Conversations for Change – Local Attitudes and Exposure to Violence Survey (LCAEVS)

Conversations for Change – Local Attitudes and Exposure to Violence Survey (LCAEVS)

Lead Organisation

WA Centre for Rural Health


Community Respect and Equality, Geraldton

Region of Project

City of Greater Geraldton

Target Group

Funded by

Healthway Research Grant


Dr Sandra Thompson, Director / Professor of Rural Health, University of Western Australia

Project overview

Develop, administer and analyse a local survey of community attitudes and exposure to violence to provide a baseline and to measure change over time in the City of Greater Geraldton.

Duration of initiative

Ongoing commitment to primary prevention
Conversations for Change finishes June 2022


Evaluation is part of the project but we have no results available to share yet.

Project process

A community-wide survey, Local Community Attitudes and Exposure to Violence Survey (LCAEVS), was designed as a surveillance and monitoring tool to inform and measure the effectiveness of a regional FDV primary prevention strategy in Geraldton, Western Australia. The local survey was adapted from the ANROWS National Community Attitudes to Violence Against Women Survey (NCAS) 2017. It was administered in Geraldton in November 2019.

Project achievement and successes

The survey has been analysed the results are being provided to stakeholders and the community. Results are interesting and generate discussion around how we can target messaging about family violence and the gendered drivers.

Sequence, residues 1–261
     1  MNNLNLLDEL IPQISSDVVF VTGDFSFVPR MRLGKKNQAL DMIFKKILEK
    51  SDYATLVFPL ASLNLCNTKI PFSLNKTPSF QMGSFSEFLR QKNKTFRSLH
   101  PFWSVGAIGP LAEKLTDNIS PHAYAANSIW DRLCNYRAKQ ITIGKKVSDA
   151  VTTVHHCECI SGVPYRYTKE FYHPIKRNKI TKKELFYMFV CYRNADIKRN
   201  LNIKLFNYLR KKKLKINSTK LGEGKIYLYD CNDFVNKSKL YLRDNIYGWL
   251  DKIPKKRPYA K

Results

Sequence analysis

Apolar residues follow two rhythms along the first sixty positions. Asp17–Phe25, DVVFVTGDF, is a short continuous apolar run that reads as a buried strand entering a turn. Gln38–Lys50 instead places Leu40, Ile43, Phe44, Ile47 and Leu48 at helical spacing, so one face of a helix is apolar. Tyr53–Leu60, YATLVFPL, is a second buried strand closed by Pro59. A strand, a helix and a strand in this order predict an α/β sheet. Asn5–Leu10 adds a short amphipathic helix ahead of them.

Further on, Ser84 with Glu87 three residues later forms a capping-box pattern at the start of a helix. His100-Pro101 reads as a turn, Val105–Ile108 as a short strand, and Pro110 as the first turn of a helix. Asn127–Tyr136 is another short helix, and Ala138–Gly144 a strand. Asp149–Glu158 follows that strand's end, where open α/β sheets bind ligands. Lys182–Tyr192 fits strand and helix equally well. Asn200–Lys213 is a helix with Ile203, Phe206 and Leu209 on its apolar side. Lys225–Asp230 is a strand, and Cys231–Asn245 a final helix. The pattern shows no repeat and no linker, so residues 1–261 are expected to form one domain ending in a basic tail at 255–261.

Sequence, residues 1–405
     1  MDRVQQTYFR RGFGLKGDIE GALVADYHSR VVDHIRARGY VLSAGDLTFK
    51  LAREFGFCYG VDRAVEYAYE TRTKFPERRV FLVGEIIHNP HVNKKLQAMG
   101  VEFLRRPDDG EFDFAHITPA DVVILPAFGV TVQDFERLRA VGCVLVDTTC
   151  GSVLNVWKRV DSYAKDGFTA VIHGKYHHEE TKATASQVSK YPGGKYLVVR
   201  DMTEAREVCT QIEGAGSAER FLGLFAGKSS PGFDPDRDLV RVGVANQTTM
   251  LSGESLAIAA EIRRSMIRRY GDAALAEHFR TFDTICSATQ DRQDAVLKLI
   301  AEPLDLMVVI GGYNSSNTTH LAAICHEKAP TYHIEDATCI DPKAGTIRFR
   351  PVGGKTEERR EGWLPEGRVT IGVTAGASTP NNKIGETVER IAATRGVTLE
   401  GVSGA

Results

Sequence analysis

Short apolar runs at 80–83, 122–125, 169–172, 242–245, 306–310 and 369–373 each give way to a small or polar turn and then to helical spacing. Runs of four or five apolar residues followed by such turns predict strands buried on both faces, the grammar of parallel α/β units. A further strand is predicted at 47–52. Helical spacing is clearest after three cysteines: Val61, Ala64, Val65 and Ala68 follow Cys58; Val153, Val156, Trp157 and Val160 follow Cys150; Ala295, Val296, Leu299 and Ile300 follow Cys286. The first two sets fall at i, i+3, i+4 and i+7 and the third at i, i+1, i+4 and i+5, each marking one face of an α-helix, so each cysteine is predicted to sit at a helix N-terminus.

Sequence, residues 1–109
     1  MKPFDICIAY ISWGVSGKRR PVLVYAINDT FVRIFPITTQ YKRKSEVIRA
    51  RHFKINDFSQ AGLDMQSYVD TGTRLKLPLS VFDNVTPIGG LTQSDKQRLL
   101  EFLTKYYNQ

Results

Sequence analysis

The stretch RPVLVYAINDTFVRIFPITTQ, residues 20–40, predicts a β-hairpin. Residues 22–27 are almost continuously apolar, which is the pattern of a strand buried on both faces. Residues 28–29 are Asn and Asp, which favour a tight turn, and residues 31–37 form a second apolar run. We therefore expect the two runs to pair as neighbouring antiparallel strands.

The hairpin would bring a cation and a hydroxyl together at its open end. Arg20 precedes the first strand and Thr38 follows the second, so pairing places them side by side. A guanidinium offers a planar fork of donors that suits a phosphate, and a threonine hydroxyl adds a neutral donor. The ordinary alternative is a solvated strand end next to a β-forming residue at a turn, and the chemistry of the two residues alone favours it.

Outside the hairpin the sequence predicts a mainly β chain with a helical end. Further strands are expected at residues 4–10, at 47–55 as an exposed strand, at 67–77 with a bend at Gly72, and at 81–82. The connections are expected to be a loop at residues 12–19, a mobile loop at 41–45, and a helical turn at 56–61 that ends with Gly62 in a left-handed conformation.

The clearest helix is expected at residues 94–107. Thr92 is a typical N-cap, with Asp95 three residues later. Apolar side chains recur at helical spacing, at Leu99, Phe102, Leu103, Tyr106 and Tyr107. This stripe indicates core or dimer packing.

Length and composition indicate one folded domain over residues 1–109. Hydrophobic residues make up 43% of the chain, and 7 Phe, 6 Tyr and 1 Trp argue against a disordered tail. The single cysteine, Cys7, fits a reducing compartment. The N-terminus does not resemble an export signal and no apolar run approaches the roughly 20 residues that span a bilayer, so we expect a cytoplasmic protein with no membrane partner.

The survey will be further refined with the aim to deliver it to the community regularly, initially after two years.

Issues and challenges during this project

To encourage people’s participation and maximise the number of responses, we offered participants the option of entering a draw to win $1000 and 4 runner-up prizes of $250. Not all who started the survey completed it.

Analysis of the LCAEVS has taken longer than anticipated as we needed to weight the sample given differential response rates in different population demographics.

Advice for others doing this type of work

Ensure you have highly skilled biostatistical expertise available to assist with data analysis and limit the number of questions. Use a multiplicity of recruitment approached including careful thought around approaches which can engage men and minority population groups. Weighting the data is not as ideal as obtaining a representative sample of the population to complete the survey. Shorten the survey to reduce respondent burden and then shorten it some more!


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